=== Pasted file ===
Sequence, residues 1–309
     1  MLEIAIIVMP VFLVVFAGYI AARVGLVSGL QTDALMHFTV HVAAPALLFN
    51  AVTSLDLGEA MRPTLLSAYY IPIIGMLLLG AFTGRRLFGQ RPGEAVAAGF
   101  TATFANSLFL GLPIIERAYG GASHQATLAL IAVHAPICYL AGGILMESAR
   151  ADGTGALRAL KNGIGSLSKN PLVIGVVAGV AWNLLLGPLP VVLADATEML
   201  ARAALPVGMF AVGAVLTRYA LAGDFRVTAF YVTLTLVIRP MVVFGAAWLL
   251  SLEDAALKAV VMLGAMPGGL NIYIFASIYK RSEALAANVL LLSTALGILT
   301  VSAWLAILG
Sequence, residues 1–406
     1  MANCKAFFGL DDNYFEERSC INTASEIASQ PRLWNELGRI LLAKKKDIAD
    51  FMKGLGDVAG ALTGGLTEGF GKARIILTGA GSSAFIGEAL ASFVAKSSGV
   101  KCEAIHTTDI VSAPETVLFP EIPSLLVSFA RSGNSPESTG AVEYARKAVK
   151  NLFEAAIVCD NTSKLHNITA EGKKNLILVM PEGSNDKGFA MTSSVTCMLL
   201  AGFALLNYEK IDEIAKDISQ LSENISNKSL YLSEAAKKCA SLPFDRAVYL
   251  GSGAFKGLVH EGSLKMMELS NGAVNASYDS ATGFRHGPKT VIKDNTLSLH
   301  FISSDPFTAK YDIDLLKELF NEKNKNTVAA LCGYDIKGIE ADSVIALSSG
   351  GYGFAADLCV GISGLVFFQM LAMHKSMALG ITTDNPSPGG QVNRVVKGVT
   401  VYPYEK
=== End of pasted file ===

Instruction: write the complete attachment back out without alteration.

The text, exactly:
Sequence, residues 1–309
     1  MLEIAIIVMP VFLVVFAGYI AARVGLVSGL QTDALMHFTV HVAAPALLFN
    51  AVTSLDLGEA MRPTLLSAYY IPIIGMLLLG AFTGRRLFGQ RPGEAVAAGF
   101  TATFANSLFL GLPIIERAYG GASHQATLAL IAVHAPICYL AGGILMESAR
   151  ADGTGALRAL KNGIGSLSKN PLVIGVVAGV AWNLLLGPLP VVLADATEML
   201  ARAALPVGMF AVGAVLTRYA LAGDFRVTAF YVTLTLVIRP MVVFGAAWLL
   251  SLEDAALKAV VMLGAMPGGL NIYIFASIYK RSEALAANVL LLSTALGILT
   301  VSAWLAILG
Sequence, residues 1–406
     1  MANCKAFFGL DDNYFEERSC INTASEIASQ PRLWNELGRI LLAKKKDIAD
    51  FMKGLGDVAG ALTGGLTEGF GKARIILTGA GSSAFIGEAL ASFVAKSSGV
   101  KCEAIHTTDI VSAPETVLFP EIPSLLVSFA RSGNSPESTG AVEYARKAVK
   151  NLFEAAIVCD NTSKLHNITA EGKKNLILVM PEGSNDKGFA MTSSVTCMLL
   201  AGFALLNYEK IDEIAKDISQ LSENISNKSL YLSEAAKKCA SLPFDRAVYL
   251  GSGAFKGLVH EGSLKMMELS NGAVNASYDS ATGFRHGPKT VIKDNTLSLH
   301  FISSDPFTAK YDIDLLKELF NEKNKNTVAA LCGYDIKGIE ADSVIALSSG
   351  GYGFAADLCV GISGLVFFQM LAMHKSMALG ITTDNPSPGG QVNRVVKGVT
   401  VYPYEK